Sunday links

9th October 2019

John Wyver writes: again it’s Wednesday before I post Sunday links (and it’s a bit austere so far), but here are links to writing and video that has caught my eye over the past week or so. First up, a group of literary articles: Zadie Smith on fiction, an essay by Helen Lewis recent adaptations of Jane Austen, and then two truly glorious review essays about two of the biggest, baddest white male wordsmiths in the USA in the 1960s.

• Fascinated to presume – in defense of fiction: by Zadie Smith, for New York Review of Books. Brilliant

• Restoring the sex and rage to Jane Austen: Helen Lewis for The Atlantic on ITV’s Sanditon and Laura Wade’s The Watsons.

Scavenger of eternal truths: for the TLS, Thomas Meaney on Norman Mailer in the 1960s…

Malfunctioning sex robot: and Patricia Lockwood for LRB is just wonderful on John Updike’s novels from 1959-65.

Stephen Frears – master or auteur?: interesting note for Sight and Sound by Brad Stevens about the great filmmaker that, inter alia, fails to mention any of his television work.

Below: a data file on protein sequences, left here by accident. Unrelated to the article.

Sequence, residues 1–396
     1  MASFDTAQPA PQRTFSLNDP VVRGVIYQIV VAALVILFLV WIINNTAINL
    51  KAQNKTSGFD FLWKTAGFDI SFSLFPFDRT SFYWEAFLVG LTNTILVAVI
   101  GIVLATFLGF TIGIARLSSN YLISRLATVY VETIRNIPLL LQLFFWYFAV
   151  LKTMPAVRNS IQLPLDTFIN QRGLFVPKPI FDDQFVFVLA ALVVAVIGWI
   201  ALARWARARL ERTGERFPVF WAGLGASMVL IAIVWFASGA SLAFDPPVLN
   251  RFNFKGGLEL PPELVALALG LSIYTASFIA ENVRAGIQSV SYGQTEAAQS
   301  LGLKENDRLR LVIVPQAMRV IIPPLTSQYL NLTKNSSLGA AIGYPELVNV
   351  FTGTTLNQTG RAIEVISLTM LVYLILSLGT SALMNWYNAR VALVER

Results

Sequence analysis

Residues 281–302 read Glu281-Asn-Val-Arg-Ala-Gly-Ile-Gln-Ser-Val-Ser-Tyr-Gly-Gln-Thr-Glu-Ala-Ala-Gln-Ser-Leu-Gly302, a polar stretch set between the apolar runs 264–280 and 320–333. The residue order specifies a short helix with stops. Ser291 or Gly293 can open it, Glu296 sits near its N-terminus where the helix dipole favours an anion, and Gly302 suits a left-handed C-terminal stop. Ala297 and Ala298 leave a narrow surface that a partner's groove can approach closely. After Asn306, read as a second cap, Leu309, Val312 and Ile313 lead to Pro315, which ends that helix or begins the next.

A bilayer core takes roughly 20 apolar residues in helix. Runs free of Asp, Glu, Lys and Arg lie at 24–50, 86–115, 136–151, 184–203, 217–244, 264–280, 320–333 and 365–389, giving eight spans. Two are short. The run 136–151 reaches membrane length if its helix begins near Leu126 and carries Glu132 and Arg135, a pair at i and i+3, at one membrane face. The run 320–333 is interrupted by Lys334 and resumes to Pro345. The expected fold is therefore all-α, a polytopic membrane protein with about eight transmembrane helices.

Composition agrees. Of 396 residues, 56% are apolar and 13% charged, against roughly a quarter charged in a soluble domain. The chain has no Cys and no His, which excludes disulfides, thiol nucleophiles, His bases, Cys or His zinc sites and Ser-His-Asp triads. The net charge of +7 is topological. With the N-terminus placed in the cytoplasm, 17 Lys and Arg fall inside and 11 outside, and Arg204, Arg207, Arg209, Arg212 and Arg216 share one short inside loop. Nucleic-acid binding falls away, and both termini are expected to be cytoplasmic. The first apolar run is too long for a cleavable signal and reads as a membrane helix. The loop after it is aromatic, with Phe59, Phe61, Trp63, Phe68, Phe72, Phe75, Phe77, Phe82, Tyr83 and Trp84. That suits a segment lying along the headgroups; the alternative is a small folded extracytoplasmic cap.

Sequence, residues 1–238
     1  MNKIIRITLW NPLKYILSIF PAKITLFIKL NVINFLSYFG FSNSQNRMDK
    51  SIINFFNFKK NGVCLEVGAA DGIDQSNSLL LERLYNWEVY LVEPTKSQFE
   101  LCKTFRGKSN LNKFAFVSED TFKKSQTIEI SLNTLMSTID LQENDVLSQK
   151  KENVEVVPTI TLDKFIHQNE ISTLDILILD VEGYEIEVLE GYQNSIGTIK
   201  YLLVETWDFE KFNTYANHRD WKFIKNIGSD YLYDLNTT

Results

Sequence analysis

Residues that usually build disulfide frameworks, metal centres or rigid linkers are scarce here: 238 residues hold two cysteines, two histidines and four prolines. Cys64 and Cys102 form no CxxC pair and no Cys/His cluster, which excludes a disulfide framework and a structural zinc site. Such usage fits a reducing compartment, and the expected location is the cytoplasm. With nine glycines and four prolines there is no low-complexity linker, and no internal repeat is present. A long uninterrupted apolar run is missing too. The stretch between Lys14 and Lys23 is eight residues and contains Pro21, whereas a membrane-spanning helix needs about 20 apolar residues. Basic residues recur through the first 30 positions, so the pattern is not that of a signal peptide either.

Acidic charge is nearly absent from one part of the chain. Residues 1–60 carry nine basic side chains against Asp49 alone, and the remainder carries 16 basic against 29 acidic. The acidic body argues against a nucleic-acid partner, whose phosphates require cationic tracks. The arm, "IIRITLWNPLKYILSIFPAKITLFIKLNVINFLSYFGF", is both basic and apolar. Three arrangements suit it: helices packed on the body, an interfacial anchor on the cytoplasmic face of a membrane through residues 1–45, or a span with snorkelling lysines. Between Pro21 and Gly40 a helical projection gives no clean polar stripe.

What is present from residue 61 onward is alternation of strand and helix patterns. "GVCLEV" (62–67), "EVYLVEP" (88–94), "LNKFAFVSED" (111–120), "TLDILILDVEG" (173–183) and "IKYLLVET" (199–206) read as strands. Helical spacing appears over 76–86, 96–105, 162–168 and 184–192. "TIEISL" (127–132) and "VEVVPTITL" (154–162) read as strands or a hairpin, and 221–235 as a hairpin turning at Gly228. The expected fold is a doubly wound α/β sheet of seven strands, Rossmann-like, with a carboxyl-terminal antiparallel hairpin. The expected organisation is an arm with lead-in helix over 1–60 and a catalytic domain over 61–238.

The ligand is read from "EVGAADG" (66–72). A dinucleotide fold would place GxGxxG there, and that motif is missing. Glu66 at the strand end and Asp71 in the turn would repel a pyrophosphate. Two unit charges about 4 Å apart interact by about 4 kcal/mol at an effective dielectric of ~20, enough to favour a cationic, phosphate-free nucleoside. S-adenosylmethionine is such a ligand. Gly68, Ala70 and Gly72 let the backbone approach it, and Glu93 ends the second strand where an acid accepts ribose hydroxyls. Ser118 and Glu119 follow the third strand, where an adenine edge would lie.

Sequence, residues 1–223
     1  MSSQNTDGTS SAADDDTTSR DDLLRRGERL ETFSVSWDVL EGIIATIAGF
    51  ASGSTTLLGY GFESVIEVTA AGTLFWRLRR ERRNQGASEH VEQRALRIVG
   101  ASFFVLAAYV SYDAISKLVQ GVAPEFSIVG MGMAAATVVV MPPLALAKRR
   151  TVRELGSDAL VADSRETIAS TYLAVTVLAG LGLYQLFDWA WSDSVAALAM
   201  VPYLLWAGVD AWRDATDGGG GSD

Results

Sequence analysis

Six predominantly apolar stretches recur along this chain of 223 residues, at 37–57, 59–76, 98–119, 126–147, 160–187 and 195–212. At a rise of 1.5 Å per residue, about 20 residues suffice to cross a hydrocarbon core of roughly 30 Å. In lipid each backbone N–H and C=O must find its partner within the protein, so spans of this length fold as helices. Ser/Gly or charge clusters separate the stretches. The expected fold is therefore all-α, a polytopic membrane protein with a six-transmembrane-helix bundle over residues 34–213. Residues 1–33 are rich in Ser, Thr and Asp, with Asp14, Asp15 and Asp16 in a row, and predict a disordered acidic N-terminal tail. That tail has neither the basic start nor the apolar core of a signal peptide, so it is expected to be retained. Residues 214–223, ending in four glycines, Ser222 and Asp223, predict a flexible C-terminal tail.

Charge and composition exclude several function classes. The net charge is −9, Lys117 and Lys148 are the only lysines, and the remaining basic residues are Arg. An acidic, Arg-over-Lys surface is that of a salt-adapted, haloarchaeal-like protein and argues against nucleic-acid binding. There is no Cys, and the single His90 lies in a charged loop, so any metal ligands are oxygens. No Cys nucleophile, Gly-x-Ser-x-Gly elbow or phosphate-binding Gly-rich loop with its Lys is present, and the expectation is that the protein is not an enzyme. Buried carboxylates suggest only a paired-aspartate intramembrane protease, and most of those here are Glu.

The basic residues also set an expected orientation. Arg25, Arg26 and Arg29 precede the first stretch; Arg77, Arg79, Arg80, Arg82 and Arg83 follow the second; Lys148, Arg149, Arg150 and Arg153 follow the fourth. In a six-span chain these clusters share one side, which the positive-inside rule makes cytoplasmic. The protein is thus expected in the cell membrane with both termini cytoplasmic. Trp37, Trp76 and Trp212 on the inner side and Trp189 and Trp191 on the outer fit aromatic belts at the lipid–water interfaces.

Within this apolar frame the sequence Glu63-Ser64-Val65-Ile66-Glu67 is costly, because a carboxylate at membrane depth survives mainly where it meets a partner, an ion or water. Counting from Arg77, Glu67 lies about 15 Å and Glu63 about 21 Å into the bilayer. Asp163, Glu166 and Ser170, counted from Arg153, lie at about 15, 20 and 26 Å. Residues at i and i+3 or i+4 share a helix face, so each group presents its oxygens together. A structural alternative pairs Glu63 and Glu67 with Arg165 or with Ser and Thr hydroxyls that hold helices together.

Inside Bob Fosse and Gwen Verdon’s unconventional marriage: this is a rich Vanity Fair story by Julie Miller from last April, but I went to it after seeing, and being overwhelmed by, a new 4K restoration of Fosse’s Sweet Charity (1969, above with Paula Kelly, Shirley MacLaine and Chita Rivera), which starred MacLaine in the role Verdon created on Broadway.

Hustlers and the female gaze: I’m not a huge fan of the movie, but this is a rewarding reading by Alison Willmore for Vulture.

With a $450 million expansion, MoMA is bigger. Is that better?: Michael Kimmelman on the ‘new’ MoMA, opening over the next few days (and which we’ll doubtless return to).

Ezra Stoller turned buildings into monuments: great images in a very good Thomas de Monchaux profile for The New Yorker of the famed architectural photographer (tied to a very expensive new monograph from Phaidon).

• Richard Serra will jolt you awake: also from The New Yorker, Peter Schjeldahl on the American sculptor, whose new work is on view at Gagosian, New York; developing a comparison with Bernini the critic writes:

… great sculpture is so difficult and, in each instance, so particular and even bizarre. Richard Serra… is our great sculptor, like it or not. I say relax and like it. 

There was a third book: Alex Ross has delivered Wagnerism.

Time for a new liberation?: Timothy Garton Ash is excellent in this essay for New York Review of Books writing 30 years on from the momentous events in Central Europe…

Simon Schama – who speaks for the people?: … and Schama, writing for the Financial Times, is essential on the current state of the world.

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